The Abbotsford Heat hockey team's management and owners hope the NHL lockout will turn the club's dependence on tax dollars around.
Abbotsford will be paying $1.76 million to cover the Heat's shortfall in the 2011/12 season, the city announced Wednesday.
Since the contract began three years ago, Abbotsford has paid the Calgary Flames farm team a total of $3.58 million, including $1.3 million for the 2010/11 season and $450,637 in the team's inaugural 2009/2010 year.
The Heat ownership group has a 10-year supply fee agreement with the city that guarantees $5.7 million in annual revenue.
However, despite the ever-increasing subsidy, the city is committed to riding out the life of the contract, and the team's management and owners are optimistic.
City manager Frank Pizzuto said the season results were disappointing but the city and Heat were committed to improving the situation.
"We are not entering any discussions other than trying to make the agreement work," said Pizzuto.
"We signed a 10-year legal agreement and from our end, we will honour that agreement."
The city budget originally anticipated a $1.1 million deficit and the $866,000 shortfall will be made up by economizing in other areas, said Pizzuto.
Lower than desired attendance and commercial sponsorship levels were cited as factors in the deficit.
The Heat has struggled to put bums in seats, being a Calgary Flames affiliate playing in dedicated Canucks territory.
However the team's ownership and management are banking on building a permanent fan base during the AHL lock out.
"We anticipate this year will be a growth year in building our fan base," said investor Lane Sweeting.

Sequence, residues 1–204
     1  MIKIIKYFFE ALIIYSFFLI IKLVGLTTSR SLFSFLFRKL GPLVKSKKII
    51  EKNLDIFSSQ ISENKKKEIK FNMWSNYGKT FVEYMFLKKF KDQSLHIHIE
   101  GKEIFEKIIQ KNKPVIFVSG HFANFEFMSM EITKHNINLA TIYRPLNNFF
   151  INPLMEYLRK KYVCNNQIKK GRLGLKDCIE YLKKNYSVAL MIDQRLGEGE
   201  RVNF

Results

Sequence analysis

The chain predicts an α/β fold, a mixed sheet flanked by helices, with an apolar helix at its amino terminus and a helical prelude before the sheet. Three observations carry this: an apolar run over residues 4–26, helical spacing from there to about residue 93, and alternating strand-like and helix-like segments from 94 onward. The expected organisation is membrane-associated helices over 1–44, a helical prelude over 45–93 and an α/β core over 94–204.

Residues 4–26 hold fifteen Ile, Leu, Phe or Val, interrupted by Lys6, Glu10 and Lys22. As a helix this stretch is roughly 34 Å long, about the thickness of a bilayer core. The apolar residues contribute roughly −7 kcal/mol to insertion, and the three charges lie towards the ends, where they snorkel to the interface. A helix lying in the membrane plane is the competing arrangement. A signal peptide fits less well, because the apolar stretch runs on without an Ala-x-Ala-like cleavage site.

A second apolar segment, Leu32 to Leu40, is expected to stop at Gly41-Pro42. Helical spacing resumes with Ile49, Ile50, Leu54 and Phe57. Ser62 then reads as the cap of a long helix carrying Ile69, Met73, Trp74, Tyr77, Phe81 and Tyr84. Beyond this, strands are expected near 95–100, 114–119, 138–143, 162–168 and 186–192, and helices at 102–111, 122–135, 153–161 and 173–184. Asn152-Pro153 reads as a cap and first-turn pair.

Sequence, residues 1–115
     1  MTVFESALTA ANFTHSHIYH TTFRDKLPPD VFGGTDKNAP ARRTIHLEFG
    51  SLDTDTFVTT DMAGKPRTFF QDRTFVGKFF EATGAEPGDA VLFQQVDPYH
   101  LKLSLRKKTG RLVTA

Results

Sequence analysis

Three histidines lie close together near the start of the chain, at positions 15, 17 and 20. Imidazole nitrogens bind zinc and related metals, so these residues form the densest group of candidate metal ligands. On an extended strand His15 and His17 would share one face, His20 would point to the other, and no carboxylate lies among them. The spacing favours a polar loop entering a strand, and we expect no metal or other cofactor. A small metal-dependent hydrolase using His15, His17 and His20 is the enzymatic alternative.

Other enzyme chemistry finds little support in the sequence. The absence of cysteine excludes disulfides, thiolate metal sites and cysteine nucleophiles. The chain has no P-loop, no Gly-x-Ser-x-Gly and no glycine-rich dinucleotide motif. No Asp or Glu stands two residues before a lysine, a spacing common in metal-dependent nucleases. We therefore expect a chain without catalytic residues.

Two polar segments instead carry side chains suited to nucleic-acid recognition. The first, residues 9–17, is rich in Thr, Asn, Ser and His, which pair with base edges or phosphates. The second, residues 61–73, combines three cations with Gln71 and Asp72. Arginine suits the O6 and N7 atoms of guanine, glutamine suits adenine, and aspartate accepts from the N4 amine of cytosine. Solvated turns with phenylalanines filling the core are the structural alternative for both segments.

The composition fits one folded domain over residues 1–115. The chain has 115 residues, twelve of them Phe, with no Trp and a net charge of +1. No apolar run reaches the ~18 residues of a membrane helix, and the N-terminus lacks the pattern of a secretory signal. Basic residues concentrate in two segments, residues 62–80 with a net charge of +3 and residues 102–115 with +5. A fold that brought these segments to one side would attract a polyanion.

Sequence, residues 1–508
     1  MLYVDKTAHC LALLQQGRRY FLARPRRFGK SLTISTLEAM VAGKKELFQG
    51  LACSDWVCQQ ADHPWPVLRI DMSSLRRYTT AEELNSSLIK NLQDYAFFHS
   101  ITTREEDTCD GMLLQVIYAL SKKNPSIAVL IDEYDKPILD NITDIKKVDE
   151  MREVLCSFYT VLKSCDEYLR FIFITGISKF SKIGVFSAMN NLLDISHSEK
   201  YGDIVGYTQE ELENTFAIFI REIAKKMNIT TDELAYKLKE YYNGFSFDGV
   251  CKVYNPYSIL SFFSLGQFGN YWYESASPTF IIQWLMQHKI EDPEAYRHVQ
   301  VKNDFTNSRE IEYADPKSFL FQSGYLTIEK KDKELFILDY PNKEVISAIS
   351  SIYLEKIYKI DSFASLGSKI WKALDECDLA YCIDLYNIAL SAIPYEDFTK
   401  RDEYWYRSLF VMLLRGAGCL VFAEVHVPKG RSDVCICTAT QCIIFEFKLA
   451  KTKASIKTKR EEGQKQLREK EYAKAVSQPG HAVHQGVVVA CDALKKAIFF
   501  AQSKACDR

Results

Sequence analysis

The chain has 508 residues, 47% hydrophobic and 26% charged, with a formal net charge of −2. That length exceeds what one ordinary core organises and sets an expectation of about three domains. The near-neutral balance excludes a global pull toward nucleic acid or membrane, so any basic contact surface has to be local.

With the lockout, hockey fans will have the opportunity to see NHL's top draft picks, like those on the Edmonton Oilers' farm team scheduled to play at the Abbotsford Entertainment and Sports Centre this week.
"Our challenge is to get [fans] in the building once and we know they'll be back."
The Canuck fan base, back-to-back games, often on weekdays, and public criticism of the AESC and the supply-fee agreement are all longstanding challenges to the Heat's success, said Sweeting.
"It's definitely been more of a challenge than anticipated. We've had three seasons and we never imagined it would be this difficult to fill the building."
The average attendance required to meet the break-even point is 3,905 paid customers; the paid customer base in 2011/12 was 2,653, according to the city.
Heat president Ryan Walter said attendance is better than last year at this time, and it is expected to grow with star-studded teams like the Oklahoma Barons rolling into town.
Average attendance for the Heat year-to-date is 4,463, according to the AHL website.
"Ticket sales are very strong. We are trending up," said Walter.
What's more the renewal rate for season tickets was at 83 per cent after dropping dramatically in the second and third season, he said.
"There's some light in the tunnel from year three to four," said Walter.
The franchise has also dropped ticket prices to $15, down from $20 to capture entry-level families that will hopefully evolve into season ticket holders, said Walter.
The club also has deals worked out with local sports teams and associations who are also selling Heat tickets and is working hard to establish itself as a community partner.
The franchise will also be pushing to radically increase group sales in the coming season, said Walter
However, Walter is also not contemplating an exit from the deal with the city.
"If things don't improve, there's not a lot that can happen. The city and heat ownership have a 10-year deal," he said.
"It's up to us to maximize sales and increase revenue and that's what we're working hard on doing."